Fairy Tales Get a Scrumptious Musical Makeover in Happily Ever at the Box from Music Box Theater

The set-up:

Fairy tale archetypes get a scrumptious musical makeover from our favorite cabaret troupe, The Music Box Theater.

The execution:

The best news about MBT's latest show is the arrival of the delectable Kristina Sullivan, who joins the ultra-talented quartet already in place (Rebekah Dahl, Brad Scarborough, Cay Taylor, and Luke Wrobel). A recent émigré from the duly lamented Masquerade Theatre, from where the founding Music Box four have hailed, she brings her radiant soprano, irrepressible comic chops, and unalloyed stage presence to round out the mix. She's like the butter added into the Bearnaise to give it sheen and body. A more tasty pat of butter is hard to find. Welcome home, we say, let's cook.

In the tradition of their former shows, Music Box interlaces a little plot -- here a mélange of fairy tale types: princess, prince, wicked queen, godmother, narrator -- with a wide array of songs to augment the story or delve deeper into the sketch-like characters. It's silly and fun, and when they open their mouths to sing we're blown away, as usual, with the polish and precision that these fabulous pros happily supply to any song. As my guest said to me at intermission, is there anything they can't sing? In a word, no. They sail through jazz, pop, and rock and roll with equal finesse and an unfailing theatrical style that is one-of-a-kind. Since this is a group effort, everybody gets to shine. It's a continuous kaleidoscope, sparkling into facets as one showstopping performance follows another. It's a rare, wonderful display of musical and dramatic talent.

As the modern princess, "one of the 99 percent," Taylor doesn't want to be saved. Strong and independent, she exudes feisty charm, bringing sass to her beautifully sung ballad "Part of Your World" from The Little Mermaid, and a whole lot of heart to the overlooked "Sing Sweet Nightingale" from Cinderella. As the enchanted Prince who was once a frog, Scarborough has leading-man looks and the goofy ability to spoof himself. He does a spirited Three Dog Night's "Joy to the World," as a tribute to his amphibious friend Jeremiah. Dahl vamps as the disbelieving evil stepmother type, and raises the roof with the Animals' hit "Please Don't Let Me be Misunderstood." In her lilac wings, Sullivan flits about as the deconstructed Fairy Godmother, spreading unworldly cheer. "I love to skip," she smiles warmly, and then soars into a haunting rendition of "Bridge Over Troubled Waters," to calm the Princess's fears. It's this mix of old and new, standards and rock, that Music Box puts over with such classy finesse.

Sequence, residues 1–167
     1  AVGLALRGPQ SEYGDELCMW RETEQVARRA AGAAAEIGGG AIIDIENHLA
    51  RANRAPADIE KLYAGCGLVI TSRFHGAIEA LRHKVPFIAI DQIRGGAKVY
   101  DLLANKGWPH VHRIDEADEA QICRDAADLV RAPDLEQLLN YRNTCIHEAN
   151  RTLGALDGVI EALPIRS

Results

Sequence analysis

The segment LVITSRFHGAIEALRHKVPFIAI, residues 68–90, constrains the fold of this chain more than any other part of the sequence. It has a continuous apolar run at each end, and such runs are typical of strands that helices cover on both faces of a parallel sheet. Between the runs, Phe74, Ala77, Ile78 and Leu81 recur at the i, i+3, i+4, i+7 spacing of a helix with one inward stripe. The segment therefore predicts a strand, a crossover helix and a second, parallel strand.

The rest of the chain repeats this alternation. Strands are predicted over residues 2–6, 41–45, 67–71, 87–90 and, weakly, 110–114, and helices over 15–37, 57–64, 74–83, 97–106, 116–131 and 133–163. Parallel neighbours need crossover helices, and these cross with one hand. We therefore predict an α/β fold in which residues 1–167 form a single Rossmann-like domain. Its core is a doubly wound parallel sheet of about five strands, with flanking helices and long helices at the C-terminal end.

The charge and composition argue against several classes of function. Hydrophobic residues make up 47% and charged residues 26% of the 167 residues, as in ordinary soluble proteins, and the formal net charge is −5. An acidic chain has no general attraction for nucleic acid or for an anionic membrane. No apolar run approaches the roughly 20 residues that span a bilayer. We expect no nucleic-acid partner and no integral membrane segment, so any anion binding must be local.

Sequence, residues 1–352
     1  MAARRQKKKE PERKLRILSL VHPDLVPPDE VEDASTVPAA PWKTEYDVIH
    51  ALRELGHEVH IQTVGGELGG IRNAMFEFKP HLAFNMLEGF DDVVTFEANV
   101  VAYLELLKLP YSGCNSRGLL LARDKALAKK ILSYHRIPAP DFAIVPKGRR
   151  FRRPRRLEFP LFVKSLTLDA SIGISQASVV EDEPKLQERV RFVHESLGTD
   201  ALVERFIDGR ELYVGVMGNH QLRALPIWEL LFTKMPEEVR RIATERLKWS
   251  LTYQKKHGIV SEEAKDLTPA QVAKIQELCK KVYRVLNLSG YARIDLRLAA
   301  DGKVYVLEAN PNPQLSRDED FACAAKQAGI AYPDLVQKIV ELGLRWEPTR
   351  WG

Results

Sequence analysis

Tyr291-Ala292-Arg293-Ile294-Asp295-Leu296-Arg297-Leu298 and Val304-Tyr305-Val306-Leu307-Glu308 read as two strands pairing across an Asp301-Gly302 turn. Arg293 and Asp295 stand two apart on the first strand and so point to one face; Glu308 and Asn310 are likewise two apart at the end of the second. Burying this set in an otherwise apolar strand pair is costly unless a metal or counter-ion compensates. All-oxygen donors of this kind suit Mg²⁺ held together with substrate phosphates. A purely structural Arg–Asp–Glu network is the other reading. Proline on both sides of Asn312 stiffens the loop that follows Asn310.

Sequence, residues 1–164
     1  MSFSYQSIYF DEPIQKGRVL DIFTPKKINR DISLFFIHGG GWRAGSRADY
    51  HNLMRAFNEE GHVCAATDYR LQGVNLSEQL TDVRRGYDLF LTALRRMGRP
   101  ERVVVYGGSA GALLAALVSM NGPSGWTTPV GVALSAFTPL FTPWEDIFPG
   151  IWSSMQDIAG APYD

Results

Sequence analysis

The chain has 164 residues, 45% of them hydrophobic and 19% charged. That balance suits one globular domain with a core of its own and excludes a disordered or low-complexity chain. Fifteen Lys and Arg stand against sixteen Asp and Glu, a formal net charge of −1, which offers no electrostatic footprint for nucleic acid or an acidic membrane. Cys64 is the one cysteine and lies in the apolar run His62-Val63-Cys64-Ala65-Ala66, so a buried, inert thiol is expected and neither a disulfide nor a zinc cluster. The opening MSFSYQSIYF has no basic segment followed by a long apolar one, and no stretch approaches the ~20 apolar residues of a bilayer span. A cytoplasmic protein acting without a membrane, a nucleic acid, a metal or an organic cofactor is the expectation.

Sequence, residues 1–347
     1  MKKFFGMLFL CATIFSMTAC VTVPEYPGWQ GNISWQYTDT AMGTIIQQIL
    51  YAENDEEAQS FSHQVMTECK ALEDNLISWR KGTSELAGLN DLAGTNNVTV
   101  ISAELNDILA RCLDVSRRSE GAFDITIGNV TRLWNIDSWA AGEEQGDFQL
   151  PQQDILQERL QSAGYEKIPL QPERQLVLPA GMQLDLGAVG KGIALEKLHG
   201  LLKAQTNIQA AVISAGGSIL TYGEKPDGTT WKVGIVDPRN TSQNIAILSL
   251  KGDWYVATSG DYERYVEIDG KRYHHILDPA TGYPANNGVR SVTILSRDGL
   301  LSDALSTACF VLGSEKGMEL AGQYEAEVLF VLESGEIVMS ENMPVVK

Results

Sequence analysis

Wrobel, he of the cool variety, as in Sinatra-cool, plays the stuffy narrator like he's on vacation from Masterpiece Theatre. Ironic and witty, he anchors the revue as he recites this troupe's fractured fairy tale. His resonant baritone is on better display than ever, as he swings through "The Lady Is a Tramp" and then digs deep into Randy Newman's "I Think It's Gonna Rain Today." This ballad, which Wrobel delivers with simple sincerity, sears the soul. Nobody brings such feeling to a song and renders us so weepy as Wrobel. He fills this number with absolute integrity, along with the rich emotional timbre of his voice and his impeccable diction, which hits the sweet spot.

All five actors are performers of the highest caliber, at the pinnacle of vocal command, and their ease on stage -- and utter happiness to be there entertaining us -- is the show's drawing card. It's difficult to beat their infectious camaraderie.

Pulling it all together is the jazzy quartet led by music director Glenn Sharp, lead guitarist Mark McCain, bass guitarist Long Le, and percussionist Donald Payne. These guys swing, too.

The verdict:

From the musical sampler that also includes such disparate works by Sara Bareilles ("Fairytale"), Queen ("Somebody to Love"), Dion ("Runaround Sue"), Disney ("Bibbidi Bobbity Boo"),The Rolling Stones ("You Can't Always Get What You Want") and Beatles ("Ob-la-di, Ob-la-da"), the fab five at Music Box Theater weave a quilt whose quality is unparalleled. Wrap yourself up in it, you won't want to let go.

Fairy tales get a rollicking musical deconstruction Fridays, Saturdays, and Sunday matinees through October 13 at Music Box Theater, 2623 Colquitt. Purchase tickets online at the company website or call 713-522-7722. $25-$35.

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D.L. Groover has contributed to countless reputable publications including the Houston Press since 2003. His theater criticism has earned him a national award from the Association of Alternative Newsmedia (AAN) as well as three statewide Lone Star Press Awards for the same. He's co-author of the irreverent appreciation, Skeletons from the Opera Closet (St. Martin's Press), now in its fourth printing.
Contact: D. L. Groover